If, as Spaces for Criticism seems to declare, artists and exhibitions no longer need the critic to theorise their ideas, what then does the critics function become? And does being embedded in a community allow for the critics more intimate mediation between artist, artwork and public?

While their declaration knowingly simplifies the multifaceted task of criticism – as the anthology’s central aim is to expose new ways and spaces where art critics interact with the public – it provides grounds for suggesting the role of the critic has transformed from ‘authority’ to ‘translator’. This is not a new idea, but a useful analogy to consider the intersection of current labour conditions and what this means for the critic’s relationship to their audience. The critic is increasingly embedded in spaces – in their other roles as artist, curator, administrator, board member – that strengthens their place in a given community and affords them the cultural capital to make commentary.

As such, understanding the critic as a translator implicates heightened levels of responsibility to the audience, and by proxy, the critic themselves in their occupation of multiple professional positions. By interrogating the theoretical contradiction between the means of production ­– criticism from within a community that is professionally and personally entangled – and the traditional aims of criticism – to critique, evaluate and make judgment – we can re-assess the outcomes of criticism by repositioning the critic as a community member.

Leaning in to the demands for individual optimisation and community collaboration to build meaningful relationships between peers demonstrates the generative capabilities of criticism from within an arts ecology that is enmeshed, overlapping and built on conversations that slip between personal and professional spaces. Instead of complications arising from the critic’s occupation within multiple professional contexts, this becomes a powerful position in which to empathise and problematise. To exist within the space between free worker and community member allows the critic to reframe modes of display and interrogate organisational practices by way of intimate comparison.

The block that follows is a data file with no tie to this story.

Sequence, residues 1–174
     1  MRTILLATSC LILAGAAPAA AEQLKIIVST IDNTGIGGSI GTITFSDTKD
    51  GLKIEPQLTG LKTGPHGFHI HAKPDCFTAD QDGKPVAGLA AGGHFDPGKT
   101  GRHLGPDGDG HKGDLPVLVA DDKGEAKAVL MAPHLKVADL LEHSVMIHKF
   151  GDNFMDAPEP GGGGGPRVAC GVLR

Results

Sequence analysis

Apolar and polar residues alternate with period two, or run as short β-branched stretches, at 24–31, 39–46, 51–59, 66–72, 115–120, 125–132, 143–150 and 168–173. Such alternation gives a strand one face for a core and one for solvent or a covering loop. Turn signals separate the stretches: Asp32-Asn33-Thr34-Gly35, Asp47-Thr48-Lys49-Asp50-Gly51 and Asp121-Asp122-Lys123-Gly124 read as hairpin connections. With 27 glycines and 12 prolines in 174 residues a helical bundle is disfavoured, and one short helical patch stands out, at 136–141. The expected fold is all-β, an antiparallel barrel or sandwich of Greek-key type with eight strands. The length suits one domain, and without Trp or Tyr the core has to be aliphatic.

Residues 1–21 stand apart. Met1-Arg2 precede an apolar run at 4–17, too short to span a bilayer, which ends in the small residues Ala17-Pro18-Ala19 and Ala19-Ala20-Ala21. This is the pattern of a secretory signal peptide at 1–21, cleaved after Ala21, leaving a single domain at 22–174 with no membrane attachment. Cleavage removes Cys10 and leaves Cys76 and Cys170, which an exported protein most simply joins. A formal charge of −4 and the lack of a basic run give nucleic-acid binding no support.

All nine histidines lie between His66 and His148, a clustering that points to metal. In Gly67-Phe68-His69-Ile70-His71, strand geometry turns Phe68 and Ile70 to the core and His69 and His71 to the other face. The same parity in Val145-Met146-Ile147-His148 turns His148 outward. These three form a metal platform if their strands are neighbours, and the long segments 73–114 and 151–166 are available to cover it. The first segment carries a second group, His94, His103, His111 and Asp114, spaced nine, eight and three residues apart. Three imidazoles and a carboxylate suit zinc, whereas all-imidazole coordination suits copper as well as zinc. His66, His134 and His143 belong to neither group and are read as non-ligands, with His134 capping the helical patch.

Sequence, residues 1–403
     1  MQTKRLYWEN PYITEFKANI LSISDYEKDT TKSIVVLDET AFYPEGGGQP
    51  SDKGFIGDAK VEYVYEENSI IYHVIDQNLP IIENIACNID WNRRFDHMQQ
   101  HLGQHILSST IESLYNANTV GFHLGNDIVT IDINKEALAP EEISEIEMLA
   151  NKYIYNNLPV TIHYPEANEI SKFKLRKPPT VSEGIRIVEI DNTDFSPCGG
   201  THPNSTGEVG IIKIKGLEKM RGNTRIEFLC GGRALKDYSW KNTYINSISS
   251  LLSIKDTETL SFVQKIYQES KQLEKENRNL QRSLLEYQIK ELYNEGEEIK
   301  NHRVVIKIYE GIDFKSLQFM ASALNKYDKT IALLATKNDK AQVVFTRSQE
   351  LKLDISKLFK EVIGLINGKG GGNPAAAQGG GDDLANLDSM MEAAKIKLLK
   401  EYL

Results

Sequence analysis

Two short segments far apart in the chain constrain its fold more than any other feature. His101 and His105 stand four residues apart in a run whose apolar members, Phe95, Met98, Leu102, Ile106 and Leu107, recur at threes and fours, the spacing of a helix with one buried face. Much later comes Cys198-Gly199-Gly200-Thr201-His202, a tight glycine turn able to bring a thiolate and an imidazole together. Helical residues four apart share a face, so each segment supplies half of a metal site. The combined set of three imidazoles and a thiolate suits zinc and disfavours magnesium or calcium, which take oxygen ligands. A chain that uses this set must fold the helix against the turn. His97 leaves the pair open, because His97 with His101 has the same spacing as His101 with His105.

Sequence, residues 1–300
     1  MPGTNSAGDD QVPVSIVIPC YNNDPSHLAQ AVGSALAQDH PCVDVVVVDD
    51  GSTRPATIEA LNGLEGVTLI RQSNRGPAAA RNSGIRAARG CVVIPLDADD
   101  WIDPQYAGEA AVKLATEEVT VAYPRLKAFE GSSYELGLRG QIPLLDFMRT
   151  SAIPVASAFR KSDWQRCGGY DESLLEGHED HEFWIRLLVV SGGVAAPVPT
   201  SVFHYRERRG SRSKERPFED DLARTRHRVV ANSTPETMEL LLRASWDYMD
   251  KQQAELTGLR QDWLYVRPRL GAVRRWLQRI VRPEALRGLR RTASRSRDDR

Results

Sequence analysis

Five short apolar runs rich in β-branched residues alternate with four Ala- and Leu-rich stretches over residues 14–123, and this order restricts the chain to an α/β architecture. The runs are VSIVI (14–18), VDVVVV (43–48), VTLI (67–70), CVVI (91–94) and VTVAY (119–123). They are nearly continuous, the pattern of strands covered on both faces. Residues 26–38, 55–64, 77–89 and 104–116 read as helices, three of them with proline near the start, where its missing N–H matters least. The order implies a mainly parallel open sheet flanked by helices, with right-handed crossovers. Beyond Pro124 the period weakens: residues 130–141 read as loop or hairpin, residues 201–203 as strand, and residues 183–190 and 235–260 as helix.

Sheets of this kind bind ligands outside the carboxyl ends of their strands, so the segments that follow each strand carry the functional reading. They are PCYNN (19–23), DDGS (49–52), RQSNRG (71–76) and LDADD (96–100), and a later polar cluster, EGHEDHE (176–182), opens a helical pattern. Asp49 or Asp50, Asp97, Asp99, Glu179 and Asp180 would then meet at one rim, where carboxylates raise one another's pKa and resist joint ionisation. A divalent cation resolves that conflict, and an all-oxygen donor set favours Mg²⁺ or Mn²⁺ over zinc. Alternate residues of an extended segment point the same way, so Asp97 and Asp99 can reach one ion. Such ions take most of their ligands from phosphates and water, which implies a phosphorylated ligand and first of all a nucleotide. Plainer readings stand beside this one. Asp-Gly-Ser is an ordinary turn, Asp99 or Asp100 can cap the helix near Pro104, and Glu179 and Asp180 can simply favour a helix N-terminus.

Criticism’s task is no longer simply defined by evaluation, explanation and judgement, but by a close understanding of the actors, decisions, organisational dynamics and institutional ambitions that make up an arts community. As criticism finds new and diverse platforms, it becomes an integral practice by which organisations and individuals are held accountable, systems of inclusion and exclusion are provoked, and institutionally naturalised power dynamics are contested. Professionally enmeshed, criticism serves both the writer and its audience by opening up dialogue between peers that recognises the limitations of a community defined only by proximity.

In understanding criticism as peer-to-peer dialogue, we can do away with the tired exclamation of the critic’s loss of criticality, and instead understand how criticism can serve the critic and their audience simultaneously. The nature of post-occupational professional relationships provides an intimacy of being-with and a part of multiple arts communities that affords a familiar position from within which to critique. If the critic’s trustworthiness is no longer defined by their expertise but measured by their participation, the unidirectional claims of the critic’s authority can be replaced by processes of dialogue that are more akin to generative community practice. Criticism can generate discourse in both the content of its writing and the conditions of its publication, disrupting the often-unequal opportunities for a diversity of writers to speak on the very community criticism claims to emancipate. Perhaps the critic as a necessary and engaged community member provides the grounds for a revitalisation of critique, recalibrating the relationship between criticism and community that works with, rather than against, the post-occupational condition.